His last words were, "Ah, that tastes nice. Thank you." Does anyone have any information on what Brahms was eating right before he died?
He was given a taste of red wine.
This site doesn't say who: http://news.bbc.co.uk/2/hi/europe/5049082.stm -- is it still possible to add it in the list?
Eva Peron's last words were definitely not "Don't cry for me Argentina," however appropriate that would be! -Paul W
Maximilian I of Mexico
He has a page, I'm too much of a novice at this to correct why it remains red tagged.
Split out suicide notes?
- Before we do that, I think we should try to get sources for these quotes. Frankly, in order to push the need for sourcing quotes, I'm in favor of going through each section, finding what sources we can, then deleting any unsourced quotes. Theme articles are notorious for their failure to source anything, and sooner or later we'll have to get more serious about this anyway. ~ Jeff Q (talk) 03:20, 19 October 2007 (UTC)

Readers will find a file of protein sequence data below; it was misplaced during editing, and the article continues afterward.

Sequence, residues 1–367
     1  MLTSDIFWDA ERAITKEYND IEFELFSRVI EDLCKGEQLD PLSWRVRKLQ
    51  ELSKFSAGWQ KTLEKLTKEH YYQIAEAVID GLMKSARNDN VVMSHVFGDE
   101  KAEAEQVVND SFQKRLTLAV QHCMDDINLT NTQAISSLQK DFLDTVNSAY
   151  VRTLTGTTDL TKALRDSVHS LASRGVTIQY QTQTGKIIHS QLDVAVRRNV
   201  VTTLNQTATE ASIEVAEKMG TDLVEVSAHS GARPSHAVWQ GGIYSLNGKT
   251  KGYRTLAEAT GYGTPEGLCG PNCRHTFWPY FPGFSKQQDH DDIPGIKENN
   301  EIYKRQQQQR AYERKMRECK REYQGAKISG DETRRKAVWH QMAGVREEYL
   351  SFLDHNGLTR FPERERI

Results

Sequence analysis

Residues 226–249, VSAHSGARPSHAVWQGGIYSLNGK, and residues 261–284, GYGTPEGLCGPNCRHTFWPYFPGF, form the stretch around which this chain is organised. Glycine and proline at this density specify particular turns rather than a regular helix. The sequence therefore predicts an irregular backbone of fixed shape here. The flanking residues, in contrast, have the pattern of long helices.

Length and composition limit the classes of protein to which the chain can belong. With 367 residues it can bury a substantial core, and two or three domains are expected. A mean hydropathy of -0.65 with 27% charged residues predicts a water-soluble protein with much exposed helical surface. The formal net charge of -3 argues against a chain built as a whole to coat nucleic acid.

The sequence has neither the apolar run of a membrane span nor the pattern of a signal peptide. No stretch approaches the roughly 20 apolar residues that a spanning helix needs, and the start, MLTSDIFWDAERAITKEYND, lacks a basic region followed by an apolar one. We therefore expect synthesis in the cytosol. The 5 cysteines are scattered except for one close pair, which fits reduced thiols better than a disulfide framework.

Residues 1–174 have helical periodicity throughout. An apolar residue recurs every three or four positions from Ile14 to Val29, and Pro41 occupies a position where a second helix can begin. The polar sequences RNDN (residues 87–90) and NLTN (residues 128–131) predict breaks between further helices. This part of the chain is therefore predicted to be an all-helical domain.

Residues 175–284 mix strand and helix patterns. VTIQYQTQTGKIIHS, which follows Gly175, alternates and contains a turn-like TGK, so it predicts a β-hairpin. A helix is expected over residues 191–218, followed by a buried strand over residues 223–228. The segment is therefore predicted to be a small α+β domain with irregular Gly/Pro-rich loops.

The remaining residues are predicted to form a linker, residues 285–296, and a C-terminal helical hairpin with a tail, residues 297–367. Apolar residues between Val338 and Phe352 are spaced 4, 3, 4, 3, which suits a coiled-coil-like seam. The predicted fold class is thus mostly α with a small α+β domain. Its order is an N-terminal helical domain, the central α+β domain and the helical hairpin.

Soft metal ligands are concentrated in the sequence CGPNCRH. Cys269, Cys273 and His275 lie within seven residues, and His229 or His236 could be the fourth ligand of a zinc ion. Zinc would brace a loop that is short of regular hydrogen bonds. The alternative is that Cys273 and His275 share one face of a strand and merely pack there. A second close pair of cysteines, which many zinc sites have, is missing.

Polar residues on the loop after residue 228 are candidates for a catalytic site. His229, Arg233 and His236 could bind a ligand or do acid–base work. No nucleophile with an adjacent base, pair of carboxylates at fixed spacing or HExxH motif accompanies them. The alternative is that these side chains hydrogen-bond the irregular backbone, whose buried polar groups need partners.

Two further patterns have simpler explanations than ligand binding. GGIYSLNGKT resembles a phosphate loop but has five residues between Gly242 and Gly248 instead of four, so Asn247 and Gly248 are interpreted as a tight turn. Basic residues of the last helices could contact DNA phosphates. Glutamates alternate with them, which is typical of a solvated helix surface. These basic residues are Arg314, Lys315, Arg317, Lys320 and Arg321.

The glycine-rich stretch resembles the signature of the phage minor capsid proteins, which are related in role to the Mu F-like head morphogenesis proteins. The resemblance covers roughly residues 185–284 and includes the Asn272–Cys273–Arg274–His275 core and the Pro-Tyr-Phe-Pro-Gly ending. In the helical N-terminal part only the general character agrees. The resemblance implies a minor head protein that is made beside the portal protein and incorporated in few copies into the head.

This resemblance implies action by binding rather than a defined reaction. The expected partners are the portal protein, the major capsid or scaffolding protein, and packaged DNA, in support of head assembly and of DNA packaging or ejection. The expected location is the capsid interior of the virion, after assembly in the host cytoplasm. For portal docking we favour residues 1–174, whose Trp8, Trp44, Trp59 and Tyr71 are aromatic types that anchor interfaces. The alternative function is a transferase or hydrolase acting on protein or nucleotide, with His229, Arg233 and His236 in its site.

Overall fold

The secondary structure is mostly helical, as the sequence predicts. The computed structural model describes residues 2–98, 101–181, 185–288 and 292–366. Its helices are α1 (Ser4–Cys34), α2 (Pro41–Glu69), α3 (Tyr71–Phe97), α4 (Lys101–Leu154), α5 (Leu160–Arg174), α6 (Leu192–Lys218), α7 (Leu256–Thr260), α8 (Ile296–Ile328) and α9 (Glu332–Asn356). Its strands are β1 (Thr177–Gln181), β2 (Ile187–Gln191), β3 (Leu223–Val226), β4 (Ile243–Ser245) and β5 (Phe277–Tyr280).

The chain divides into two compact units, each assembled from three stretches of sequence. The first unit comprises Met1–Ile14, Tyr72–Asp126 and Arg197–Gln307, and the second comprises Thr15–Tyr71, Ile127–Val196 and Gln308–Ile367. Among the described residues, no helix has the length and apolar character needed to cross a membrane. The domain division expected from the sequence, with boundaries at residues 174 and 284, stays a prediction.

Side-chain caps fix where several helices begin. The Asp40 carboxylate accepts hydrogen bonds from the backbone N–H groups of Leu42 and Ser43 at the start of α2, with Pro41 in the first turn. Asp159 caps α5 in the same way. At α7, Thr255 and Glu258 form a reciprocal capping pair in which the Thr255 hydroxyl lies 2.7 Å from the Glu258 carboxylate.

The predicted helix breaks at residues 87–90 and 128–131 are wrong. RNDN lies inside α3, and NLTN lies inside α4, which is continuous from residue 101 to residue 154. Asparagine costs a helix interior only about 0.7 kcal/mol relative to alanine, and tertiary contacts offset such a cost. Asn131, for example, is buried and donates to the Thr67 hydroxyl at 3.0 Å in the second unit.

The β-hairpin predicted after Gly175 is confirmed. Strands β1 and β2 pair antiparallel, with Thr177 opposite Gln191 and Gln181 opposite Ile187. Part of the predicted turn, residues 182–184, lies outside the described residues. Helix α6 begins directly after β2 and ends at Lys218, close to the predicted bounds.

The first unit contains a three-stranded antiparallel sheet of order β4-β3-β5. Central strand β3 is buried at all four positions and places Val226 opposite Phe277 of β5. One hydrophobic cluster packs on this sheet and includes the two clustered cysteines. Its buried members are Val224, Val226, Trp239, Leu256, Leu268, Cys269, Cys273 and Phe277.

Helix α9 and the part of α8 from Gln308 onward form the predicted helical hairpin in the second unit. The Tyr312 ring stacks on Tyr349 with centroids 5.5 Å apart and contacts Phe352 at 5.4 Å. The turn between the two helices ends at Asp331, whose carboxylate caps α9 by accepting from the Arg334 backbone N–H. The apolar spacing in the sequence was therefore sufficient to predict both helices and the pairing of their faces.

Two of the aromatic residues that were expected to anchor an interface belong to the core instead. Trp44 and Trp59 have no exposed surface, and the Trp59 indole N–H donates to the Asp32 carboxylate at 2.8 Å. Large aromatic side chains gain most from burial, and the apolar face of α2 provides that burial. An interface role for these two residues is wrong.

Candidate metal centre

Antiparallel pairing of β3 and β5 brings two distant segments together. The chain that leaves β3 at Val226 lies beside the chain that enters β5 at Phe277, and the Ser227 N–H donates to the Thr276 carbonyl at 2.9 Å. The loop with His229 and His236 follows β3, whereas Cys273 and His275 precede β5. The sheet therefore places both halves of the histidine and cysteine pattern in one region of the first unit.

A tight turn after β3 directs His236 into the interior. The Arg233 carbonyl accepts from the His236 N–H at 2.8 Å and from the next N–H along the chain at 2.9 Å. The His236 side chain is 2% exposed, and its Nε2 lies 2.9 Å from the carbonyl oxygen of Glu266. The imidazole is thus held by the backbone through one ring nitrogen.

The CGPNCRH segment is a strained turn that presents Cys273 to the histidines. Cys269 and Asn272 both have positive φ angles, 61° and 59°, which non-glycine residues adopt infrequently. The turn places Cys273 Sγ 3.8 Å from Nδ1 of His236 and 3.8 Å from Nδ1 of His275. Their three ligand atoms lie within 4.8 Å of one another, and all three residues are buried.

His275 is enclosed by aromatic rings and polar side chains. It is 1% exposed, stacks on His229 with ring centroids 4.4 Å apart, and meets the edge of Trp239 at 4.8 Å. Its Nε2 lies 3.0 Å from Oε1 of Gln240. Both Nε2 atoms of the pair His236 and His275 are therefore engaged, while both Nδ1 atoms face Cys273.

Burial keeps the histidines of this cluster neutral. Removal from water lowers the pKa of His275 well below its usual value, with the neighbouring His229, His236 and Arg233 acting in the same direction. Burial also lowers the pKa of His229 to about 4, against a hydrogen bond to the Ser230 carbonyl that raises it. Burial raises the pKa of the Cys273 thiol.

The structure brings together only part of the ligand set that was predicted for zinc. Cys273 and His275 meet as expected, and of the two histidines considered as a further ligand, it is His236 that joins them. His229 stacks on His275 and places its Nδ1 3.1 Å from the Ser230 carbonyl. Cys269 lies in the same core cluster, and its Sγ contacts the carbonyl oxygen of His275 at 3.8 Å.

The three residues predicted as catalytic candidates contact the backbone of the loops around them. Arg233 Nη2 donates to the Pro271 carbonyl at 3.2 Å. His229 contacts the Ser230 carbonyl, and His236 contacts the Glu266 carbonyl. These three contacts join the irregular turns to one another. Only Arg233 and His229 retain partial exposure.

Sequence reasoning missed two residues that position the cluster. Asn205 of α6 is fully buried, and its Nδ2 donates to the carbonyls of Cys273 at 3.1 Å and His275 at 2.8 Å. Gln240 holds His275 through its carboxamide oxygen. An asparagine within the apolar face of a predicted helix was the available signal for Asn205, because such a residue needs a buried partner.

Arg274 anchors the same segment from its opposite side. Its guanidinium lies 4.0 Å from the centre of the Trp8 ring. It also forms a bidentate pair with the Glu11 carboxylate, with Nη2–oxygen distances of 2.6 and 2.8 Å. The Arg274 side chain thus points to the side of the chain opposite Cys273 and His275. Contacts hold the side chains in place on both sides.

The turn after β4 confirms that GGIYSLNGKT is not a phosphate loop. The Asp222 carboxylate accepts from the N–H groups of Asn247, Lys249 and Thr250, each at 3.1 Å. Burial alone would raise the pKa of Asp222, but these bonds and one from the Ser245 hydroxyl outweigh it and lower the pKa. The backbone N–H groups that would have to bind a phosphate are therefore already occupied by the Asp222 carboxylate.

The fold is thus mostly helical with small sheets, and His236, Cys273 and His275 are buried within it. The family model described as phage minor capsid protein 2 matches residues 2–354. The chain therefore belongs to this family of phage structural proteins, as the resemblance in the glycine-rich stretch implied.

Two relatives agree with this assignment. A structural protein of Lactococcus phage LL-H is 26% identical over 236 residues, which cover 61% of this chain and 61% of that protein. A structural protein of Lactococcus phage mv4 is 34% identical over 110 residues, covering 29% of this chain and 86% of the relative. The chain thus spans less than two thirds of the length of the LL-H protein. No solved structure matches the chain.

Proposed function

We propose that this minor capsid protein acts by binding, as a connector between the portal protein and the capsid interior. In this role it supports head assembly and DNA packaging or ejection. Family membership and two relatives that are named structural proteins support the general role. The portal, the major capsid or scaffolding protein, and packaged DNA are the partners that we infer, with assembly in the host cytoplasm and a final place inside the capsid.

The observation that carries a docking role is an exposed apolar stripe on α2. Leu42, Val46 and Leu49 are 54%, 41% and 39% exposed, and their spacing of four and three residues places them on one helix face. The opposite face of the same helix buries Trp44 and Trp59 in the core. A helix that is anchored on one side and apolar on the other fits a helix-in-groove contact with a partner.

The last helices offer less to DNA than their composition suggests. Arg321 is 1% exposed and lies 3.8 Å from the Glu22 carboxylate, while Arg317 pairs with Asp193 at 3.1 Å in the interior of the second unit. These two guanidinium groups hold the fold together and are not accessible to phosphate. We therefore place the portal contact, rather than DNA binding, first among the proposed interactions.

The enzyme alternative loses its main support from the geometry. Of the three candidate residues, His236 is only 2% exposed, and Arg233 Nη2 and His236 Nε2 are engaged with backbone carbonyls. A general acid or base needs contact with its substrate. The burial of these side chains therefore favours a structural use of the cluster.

- I see your point. It's a little morbid, but arguably useful. It might also focus some attention on what kind of inclusion guidelines we'd want for suicide notes. We certainly wouldn't want to include entire notes, as Wikiquote is focused on pithy statements and is not designed to collect documents for their own sake. But there would also be the question of whether some of these quotes are worth citing at all on Wikiquote because they aren't especially original or memorable on their own, only as sad footnotes to the peoples' lives. In any case, I doubt I'll get involved in that intriguing debate for now, so I'll shut up and let others chime in. ☺ ~ Jeff Q (talk) 06:34, 19 October 2007 (UTC)